Shift Of The Organizational Structure Of P & G.

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Ans 1:
Shift of US organizational structure from product grouping in the 1950s to a matrix in the 1980s

In 1954, P&G created individual operating divisions to manage the growing lines of products, each with its own line and staff.
Since, United States had a large homogenous market with a nationwide brand and product division management; this model seemed to be helpful. Within this product grouping model, the organization developed along two key dimensions: functions and brands.

The brand managers in the model bore responsibility for profitability of the company. Brand managers of the same product division competed in the marketplace among one another but they shared access to strong divisional functions. A corporate basic-research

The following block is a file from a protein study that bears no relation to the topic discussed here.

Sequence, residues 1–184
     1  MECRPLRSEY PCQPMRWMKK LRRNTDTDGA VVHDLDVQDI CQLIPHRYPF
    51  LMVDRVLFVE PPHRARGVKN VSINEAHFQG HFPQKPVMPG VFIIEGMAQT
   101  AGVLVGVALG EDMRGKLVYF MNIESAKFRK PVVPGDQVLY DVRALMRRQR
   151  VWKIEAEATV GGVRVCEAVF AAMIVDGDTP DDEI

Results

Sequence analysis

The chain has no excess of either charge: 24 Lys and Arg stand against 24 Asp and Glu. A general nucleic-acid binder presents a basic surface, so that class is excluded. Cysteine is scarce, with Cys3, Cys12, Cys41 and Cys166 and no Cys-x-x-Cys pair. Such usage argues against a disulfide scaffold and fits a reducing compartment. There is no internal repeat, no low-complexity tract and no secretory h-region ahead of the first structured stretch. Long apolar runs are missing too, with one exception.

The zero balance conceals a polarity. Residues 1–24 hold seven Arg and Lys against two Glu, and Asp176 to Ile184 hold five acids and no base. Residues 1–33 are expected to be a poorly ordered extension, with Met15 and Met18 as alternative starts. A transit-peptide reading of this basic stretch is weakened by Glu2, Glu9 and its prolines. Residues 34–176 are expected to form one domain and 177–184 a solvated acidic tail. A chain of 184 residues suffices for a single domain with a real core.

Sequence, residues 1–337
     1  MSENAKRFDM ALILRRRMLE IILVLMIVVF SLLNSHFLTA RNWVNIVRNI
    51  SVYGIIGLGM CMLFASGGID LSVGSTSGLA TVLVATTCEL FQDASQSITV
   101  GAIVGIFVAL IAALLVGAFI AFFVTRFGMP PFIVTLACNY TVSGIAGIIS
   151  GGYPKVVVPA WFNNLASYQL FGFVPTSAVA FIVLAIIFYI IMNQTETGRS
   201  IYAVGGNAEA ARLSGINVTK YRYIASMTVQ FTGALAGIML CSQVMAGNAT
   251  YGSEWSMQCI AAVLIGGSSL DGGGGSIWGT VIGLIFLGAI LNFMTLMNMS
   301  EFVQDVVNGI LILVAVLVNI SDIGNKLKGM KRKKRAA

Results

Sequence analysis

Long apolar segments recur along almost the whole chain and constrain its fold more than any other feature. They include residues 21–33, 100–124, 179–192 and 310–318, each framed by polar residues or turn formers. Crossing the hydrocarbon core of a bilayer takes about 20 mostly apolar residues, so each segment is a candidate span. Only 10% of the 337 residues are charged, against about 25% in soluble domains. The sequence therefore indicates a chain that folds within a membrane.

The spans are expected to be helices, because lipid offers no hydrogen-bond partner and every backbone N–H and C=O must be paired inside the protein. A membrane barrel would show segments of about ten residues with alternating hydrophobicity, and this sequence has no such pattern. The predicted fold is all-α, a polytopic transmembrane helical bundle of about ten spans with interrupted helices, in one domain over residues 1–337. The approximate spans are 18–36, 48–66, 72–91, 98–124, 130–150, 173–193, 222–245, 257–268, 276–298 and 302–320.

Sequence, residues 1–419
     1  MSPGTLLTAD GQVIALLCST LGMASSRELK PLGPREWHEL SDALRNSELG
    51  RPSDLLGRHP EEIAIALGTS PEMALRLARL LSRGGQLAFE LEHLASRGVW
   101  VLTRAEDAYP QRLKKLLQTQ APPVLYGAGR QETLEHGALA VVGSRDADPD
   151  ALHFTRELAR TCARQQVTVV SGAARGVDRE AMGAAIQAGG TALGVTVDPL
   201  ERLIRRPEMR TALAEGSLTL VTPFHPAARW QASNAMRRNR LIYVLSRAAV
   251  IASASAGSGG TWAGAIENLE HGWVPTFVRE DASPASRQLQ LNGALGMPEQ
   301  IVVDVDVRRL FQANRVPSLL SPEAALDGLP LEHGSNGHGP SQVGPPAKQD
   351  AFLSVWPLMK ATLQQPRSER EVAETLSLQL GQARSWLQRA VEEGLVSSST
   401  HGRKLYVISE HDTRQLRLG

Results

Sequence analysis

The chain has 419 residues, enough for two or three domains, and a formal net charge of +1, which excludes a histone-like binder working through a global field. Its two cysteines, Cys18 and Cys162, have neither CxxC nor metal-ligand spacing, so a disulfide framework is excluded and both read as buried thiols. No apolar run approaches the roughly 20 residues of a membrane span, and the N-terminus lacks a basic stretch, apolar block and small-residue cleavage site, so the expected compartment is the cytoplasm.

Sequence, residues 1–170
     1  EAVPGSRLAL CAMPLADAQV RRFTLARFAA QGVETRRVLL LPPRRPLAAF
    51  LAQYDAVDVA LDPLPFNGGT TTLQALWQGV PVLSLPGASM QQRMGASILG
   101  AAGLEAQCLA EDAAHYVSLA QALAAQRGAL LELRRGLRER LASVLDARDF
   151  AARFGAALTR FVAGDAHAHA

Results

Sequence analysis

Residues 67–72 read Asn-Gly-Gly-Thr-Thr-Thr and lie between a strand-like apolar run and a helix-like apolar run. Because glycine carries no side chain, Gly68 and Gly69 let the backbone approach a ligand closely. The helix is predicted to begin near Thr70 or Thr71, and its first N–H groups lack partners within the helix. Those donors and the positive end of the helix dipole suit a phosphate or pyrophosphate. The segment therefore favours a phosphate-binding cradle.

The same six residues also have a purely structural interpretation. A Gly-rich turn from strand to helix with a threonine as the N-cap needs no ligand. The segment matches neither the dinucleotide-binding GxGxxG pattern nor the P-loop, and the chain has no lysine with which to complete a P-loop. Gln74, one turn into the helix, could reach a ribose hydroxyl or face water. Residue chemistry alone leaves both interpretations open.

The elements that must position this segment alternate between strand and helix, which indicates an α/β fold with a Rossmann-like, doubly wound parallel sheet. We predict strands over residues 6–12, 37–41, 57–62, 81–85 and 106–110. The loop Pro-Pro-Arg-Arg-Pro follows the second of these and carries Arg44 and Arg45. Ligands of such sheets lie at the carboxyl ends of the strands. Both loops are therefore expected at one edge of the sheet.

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This structure ultimately led to a situation in which innovation and brands could take more than to globalise leading to a need of another such structure that was more efficient and effective.
Another reason was that the functional organizations became embedded in company silos and European corporate functions were also completely disconnected from the US operation. To cap it all, focus on product categories and brands was fragmented by country, virtually precluding region- wide category or branding strategies.
This led to subscale manufacturing operations in each European country which were expensive and unreliable.
Thus in early 1980s, Europe attempted to promote cross border co-operation across functions and to shift focus from country management to product category management.

In the early 1980s, Europe attempted to shift focus from country management to product-category management. It encouraged the formation of regional committees composed of large-country managers and corporate functional leaders to eliminate needless product variations, coordinate marketing communications and prioritize product

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